As a Young Dog

I swear I’m not trying to copy Alia. I’ve just been riding public transportation a lot lately (two hours a day) and these sorts of things tend to become the fabric of your daily myth. As you know the theme of this blog is that it is an outlet for my irrational romanticizing of everything trivial. So here you have it: a public transit story. For *actually good* public transit stories, you know where to look.


Standing not inconspicuously in the center of the near empty tram car, like so many of the manchildren I’ve seen roaming the bus system of Geneva over the last few weeks, he is some sort of a seamless and bizarre crossbreeding of the jersey shore and eurotrash style scenes. He’s got gold chains, a buzz cut, and low (but not too low) hanging pants. He’s also at least 6’3″ and looks like he’s about to speak, or at least shout something incomprehensible and French.

With one hand he’s fiddling with a pack of cigarettes, as if he’s deciding whether or not it’s alright to smoke on the train. the other hand is clutching the black foam handlebar of a razor scooter, which, because he’s at least 6’3″, is dangling with only the back wheel in contact with the floor, flinging itself erratically with each lurch or wind of the train.

Completely unnecessary, on this swollen summer night, is the puffy black jacket he’s wearing. Unnecessary, I think, until he turns toward me and I find myself eye to eye with a doberman puppy, relaxing kangaroo style within the half unzipped fold of the jacket. Doe eyed and silent, this dog is a picture of tranquility, a multitude of calm . The dog looks me in the eye when the man does not, and soon we’re locked irrevocably into some sort of happenstance stare off. After several minutes I begin to think, with some conscious affection of insanity, that this unfaltering, adorable little dog is looking into my soul. I narrow my eyes…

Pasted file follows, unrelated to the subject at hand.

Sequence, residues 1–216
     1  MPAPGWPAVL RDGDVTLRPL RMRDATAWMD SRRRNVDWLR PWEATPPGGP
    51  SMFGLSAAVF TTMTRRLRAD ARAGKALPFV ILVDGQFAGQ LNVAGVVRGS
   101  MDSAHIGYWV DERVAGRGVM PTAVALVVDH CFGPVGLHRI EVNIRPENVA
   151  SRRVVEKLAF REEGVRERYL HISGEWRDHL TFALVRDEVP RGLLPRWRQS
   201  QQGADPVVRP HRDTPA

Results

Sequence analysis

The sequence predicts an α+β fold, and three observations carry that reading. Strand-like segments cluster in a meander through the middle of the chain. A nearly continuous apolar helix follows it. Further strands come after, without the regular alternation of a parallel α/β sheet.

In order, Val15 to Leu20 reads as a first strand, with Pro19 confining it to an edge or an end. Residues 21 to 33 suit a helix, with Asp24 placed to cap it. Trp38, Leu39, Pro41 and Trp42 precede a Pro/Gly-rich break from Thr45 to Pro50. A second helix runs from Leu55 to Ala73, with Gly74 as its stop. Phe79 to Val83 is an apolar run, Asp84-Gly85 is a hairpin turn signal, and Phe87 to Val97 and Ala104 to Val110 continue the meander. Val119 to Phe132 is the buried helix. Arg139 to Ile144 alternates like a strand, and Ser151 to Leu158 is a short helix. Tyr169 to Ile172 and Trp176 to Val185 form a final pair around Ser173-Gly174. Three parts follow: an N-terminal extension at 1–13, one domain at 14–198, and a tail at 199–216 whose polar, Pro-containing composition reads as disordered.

Our contest is abruptly broken when the man turns away, and I try in disbelief to blink away what I for a moment thought was, but couldn’t have been, a fleeting ironic gleam in the eyes of the dog.

Oh, only to be so completely senseless to the utter absurdity of the human experience.

The man with the dog steps off the train at the next stop and a minute later I’ve dissolved into audible laughter. But it’s alright because it’s past midnight, and hell if there’s anyone actually sane on the tram to CERN at such an hour.


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One Response to “As a Young Dog”

  1. ealiasalim Says:

    I love this. I have a soul-changing Doberman story, too, when you get back–there is something about those dogs, I swear.

    Also, you flatter me.

    I hope all is well in physics-land!

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